On Wednesday 31 May, the UK Parliament will take part in the first ever London History Day with a series of events on the theme ‘1,000 years of history…where history is still being written’. Visitors will have the chance to attend a free talk about the Elizabeth Tower by one of the clockmakers. Families visiting with children can take one of the ‘London History’ themed family tours around Parliament.
A wider audience can have a ‘behind the scenes’ look at rarely seen London-themed objects in Parliament’s Heritage Collections on social media throughout the day. Objects which will be highlighted include the Ceremonial Silver Trowel used to lay the first stone of the Elizabeth Tower and photographs of the damage caused by air raids on the Houses of Parliament during the Blitz.
Amy Pitts, Head of Visitor Services and Retail, UK Parliament said:
“We are delighted to be participating in London History Day on 31 May, especially as history is very much being written on this date during the pre-election period. Parliament will be open to visitors on 31 May, as it is on most dates throughout the year, with special events as well as our usual tour programme – but you don’t need to be in London to be part of our events, follow @UKParliament and @UKParlArchives where we will be sharing interesting objectives from our archives throughout the day.”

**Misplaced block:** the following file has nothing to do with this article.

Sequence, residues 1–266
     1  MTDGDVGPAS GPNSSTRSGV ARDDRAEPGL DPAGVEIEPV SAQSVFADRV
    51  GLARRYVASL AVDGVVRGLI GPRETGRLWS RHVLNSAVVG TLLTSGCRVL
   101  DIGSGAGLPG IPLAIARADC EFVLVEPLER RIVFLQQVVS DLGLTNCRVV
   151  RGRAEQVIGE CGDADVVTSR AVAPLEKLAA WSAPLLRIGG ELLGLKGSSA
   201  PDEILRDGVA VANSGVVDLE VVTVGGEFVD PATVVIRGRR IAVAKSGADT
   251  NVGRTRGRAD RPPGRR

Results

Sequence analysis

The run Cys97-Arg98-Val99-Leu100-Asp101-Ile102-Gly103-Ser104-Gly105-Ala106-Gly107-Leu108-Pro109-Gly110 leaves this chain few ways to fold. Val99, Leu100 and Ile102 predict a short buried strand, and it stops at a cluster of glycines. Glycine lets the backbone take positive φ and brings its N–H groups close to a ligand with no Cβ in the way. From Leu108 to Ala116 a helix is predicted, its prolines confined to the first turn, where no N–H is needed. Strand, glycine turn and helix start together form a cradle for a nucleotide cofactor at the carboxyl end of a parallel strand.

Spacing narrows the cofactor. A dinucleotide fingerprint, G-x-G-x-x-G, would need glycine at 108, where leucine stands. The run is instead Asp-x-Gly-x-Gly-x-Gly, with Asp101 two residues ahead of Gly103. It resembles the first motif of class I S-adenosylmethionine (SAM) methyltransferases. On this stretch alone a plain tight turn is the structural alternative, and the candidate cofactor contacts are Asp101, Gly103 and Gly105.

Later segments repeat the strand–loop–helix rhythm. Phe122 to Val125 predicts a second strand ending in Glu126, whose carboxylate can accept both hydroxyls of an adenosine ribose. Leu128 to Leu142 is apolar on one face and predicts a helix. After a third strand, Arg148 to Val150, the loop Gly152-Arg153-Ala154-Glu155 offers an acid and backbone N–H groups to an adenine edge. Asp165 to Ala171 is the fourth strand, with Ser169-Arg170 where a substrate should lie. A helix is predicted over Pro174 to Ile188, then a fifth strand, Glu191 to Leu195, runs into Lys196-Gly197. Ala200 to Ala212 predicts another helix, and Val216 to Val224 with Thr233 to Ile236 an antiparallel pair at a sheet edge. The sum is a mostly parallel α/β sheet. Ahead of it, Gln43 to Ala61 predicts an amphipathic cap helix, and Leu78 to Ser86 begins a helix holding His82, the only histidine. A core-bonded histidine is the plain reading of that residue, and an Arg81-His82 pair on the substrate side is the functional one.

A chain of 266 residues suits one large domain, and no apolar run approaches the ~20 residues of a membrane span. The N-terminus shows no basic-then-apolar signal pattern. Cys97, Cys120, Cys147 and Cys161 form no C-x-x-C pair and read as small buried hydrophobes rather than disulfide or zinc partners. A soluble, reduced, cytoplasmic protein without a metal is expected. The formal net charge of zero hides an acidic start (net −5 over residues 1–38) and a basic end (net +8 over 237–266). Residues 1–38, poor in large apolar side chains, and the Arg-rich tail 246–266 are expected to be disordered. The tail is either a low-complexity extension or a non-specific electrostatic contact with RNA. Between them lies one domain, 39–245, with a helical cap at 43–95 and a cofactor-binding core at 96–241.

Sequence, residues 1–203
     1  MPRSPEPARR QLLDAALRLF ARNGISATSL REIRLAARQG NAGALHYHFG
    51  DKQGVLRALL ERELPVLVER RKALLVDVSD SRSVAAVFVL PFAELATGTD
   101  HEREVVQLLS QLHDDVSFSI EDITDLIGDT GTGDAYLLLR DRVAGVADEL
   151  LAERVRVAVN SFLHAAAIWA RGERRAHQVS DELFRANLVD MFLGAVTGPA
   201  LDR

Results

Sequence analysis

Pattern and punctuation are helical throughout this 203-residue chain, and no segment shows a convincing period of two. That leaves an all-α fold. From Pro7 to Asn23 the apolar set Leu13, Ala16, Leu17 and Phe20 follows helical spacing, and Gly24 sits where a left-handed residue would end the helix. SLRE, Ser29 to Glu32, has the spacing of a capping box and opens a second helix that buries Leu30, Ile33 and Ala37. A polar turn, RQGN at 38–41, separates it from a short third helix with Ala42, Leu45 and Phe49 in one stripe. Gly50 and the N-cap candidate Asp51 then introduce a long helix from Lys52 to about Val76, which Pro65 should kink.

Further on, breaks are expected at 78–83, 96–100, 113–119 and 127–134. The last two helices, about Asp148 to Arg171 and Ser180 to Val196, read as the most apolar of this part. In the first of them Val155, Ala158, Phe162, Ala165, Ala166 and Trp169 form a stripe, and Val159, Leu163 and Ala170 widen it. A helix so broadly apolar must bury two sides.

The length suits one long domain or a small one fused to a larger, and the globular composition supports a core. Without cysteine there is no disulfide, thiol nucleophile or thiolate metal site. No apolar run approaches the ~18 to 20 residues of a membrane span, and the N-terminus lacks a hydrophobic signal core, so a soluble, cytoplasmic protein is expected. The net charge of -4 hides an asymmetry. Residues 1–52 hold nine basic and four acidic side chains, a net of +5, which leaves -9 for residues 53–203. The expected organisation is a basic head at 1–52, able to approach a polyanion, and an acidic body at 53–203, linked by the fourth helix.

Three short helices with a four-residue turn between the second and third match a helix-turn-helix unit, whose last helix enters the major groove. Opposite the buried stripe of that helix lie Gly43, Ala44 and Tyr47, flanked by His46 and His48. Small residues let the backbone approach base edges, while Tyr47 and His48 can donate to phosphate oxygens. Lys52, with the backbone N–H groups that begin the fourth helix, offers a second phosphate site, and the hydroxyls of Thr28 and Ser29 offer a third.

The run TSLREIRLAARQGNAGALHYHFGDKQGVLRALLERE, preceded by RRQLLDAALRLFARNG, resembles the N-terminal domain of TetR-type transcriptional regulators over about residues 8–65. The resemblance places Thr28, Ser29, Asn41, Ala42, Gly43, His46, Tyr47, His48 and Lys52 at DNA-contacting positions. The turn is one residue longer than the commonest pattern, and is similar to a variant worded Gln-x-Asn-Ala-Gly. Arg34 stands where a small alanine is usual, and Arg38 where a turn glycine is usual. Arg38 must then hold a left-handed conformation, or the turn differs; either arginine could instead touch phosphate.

Duncan Wilson, Chief Executive of Historic England said:
“It’s wonderful to see so many of London’s extraordinary museums, galleries and cultural organisations taking part in the first London History Day, and celebrating the people, places and objects that make London special. An awareness of our city’s special character keeps us strong in times of change and throughout this day, we are encouraging people to look afresh at the stories and places that help define our city’s diverse and rich heritage.”
London History Day highlights the capital’s extraordinary history and heritage and is part of Historic England’s wider ‘Keep it London’ campaign which aims to get the public to notice, celebrate and speak up for the heritage in their city. Last year, Historic England polled Londoners about when they thought would be the best date for London History Day. The day when Big Ben first started keeping time in 1859 was chosen from a selection of 10 key moments in the city’s history. The Houses of Parliament and Big Ben were voted as the place that best sums up London.
By participating in this event, Parliament will promote that it is open to UK and international visitors. The Palace of Westminster is home to one of the world’s busiest parliaments, with more than a million visitors, including 70,000 school children, passing through its doors each year. Visitors are welcome to watch debates and committee hearings or take an audio or guided tour throughout the year. For those who cannot visit in person, a wealth of information is available on the Parliament website.